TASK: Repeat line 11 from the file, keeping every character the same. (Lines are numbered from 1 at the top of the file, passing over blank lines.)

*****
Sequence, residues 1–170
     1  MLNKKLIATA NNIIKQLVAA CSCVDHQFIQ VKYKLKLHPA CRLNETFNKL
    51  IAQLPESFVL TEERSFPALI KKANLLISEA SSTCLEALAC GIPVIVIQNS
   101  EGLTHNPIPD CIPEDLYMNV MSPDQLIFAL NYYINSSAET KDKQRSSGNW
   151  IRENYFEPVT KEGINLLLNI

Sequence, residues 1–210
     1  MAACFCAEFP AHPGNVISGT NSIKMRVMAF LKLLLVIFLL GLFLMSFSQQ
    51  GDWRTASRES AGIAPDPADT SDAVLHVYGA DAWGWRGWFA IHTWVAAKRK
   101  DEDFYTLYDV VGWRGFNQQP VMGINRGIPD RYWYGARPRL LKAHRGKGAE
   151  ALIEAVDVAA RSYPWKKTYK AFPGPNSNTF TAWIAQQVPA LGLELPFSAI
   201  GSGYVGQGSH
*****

   201  GSGYVGQGSH